Newspaper article The Evening Standard (London, England)

Football Still Has the Power to Change the World; as the 2014 World Cup Kicks off in Brazil, History Teaches How the Beautiful Game Can Be a Force for Good or Ill

Newspaper article The Evening Standard (London, England)

Football Still Has the Power to Change the World; as the 2014 World Cup Kicks off in Brazil, History Teaches How the Beautiful Game Can Be a Force for Good or Ill

Article excerpt

Byline: Jim Murphy

WHATEVER the result of England's opening World Cup game against Italy tomorrow, football is in a sense a British triumph. For after football escaped its 19th-century publicschool origins, it quickly became more than just a pastime: it is the nation's most successful export.

In doing so it has bolstered and deposed tyrants; started and stopped wars; been an incubator of racism at home while helping bring down a racist regime in South Africa. It has assisted in building nations, influencing elections, shaping cities and inspiring resistance. Its impact is as dynamic, contradictory and compelling as the game itself.

As the World Cup kicked off in Brazil our screens were full of the riots in Sao Paulo. Without getting into the politics of the world's seventh-biggest economy, it is incredible to think that the country was a military dictatorship less than three decades ago. The size and cost of this tournament is shaking this relatively new democracy in a way no other sport could. It's as difficult to foresee the longterm impacts on Brazil as it is to pick a winner from among the favourites.

Many fans will have their own views on the most important games ever played. But in finalising the list for my new book, The 10 Football Matches that Changed the World.... and the One that Didn't, I relied on first-hand accounts from those closest to events across the decades, including footballers, prime ministers, political prisoners, cabinet ministers and journalists.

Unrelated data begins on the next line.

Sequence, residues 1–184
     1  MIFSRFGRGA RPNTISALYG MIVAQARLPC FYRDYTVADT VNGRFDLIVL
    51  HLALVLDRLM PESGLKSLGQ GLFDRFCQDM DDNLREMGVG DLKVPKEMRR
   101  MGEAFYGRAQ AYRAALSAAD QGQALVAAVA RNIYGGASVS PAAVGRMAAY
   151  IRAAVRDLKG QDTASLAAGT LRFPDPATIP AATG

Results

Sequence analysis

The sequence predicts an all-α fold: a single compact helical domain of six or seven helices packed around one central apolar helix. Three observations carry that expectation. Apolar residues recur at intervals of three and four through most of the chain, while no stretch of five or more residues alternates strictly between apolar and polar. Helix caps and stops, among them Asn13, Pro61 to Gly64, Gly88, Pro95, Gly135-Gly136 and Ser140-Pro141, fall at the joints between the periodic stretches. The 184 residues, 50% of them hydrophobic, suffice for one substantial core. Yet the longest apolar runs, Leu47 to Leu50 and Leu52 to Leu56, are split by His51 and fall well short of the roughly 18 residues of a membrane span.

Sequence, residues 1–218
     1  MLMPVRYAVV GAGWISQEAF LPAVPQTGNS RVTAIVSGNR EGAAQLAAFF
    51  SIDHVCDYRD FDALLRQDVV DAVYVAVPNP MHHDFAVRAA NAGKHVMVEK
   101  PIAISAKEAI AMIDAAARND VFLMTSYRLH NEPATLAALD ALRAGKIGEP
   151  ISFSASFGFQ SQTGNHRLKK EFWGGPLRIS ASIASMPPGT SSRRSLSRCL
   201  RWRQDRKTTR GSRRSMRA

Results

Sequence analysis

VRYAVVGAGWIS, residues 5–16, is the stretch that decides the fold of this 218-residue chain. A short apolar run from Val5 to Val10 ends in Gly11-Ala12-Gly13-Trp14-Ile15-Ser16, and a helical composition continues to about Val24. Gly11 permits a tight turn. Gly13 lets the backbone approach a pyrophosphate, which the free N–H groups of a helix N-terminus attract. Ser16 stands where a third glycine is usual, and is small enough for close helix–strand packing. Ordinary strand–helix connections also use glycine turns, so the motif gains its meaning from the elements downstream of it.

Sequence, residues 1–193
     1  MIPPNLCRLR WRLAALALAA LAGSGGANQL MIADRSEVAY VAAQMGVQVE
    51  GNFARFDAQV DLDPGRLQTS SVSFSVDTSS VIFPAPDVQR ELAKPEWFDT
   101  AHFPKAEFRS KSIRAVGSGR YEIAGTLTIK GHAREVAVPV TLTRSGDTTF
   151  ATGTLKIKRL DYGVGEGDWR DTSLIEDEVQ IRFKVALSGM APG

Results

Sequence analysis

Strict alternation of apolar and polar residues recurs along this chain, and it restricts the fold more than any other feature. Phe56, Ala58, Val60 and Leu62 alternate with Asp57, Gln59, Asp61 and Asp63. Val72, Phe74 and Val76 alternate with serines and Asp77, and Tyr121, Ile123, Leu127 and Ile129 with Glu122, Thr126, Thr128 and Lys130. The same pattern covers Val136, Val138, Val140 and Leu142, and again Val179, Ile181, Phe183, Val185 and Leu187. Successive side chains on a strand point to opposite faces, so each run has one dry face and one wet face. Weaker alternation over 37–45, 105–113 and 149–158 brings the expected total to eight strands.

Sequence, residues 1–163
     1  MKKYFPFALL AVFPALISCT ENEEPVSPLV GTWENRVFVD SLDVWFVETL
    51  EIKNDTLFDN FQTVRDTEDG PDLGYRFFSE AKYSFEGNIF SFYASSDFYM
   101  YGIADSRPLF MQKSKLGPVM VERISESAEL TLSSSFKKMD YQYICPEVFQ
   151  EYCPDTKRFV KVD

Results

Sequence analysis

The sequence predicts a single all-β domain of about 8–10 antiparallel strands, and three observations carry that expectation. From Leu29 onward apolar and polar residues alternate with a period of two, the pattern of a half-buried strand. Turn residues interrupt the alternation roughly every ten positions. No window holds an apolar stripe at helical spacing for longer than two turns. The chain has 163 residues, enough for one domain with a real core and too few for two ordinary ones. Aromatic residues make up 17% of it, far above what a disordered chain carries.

It won't surprise anyone that World Cup fixtures feature (so do other games, not least the match which failed to change the world, though we might wish it had-- the football played between German and British troops during the Christmas Truce of 1914). Every World Cup generates its own controversy.

The early tournaments were overshadowed by British boycotts over the payment of players. In 1978 the Argentinean junta manipulated the team's victory and would go on to invade the Falklands. Germany 2006 was a chance to demonstrate the achievement of a reunited Germany; in 2010 it was South Africa's chance to help heal divisions of another kind. And even eight years ahead of Qatar 2022, we are already spoiled for choice on controversy.

But there are three matches that stand out. In 1954 it was Europe's turn to host the World Cup. For the first competition on the continent since the Second World War, Fifa opted for neutral Switzerland as the venue. And while there were 16 teams in the event, there was only expected to be one winner.

The Mighty Magyars of Hungary had come into the tournament carrying a 29-game unbeaten run stretching all the way back to May 1950. As they prepared for the final, only the unfancied West Germans stood in their way.

Switzerland was Germany's first time back from pariah status, having been excluded from the 1948 London Olympics and the 1950 Brazil World Cup. And in probably the biggest ever turnaround in a World Cup final, the underdogs recovered from a two-goal deficit to be crowned champions.

Bern was then, and remains, the most important World Cup final in history. Franz Beckenbauer, the man who would go on to win the World Cup for West Germany both as a player and manager, believes that after their success "suddenly Germany was somebody again". …

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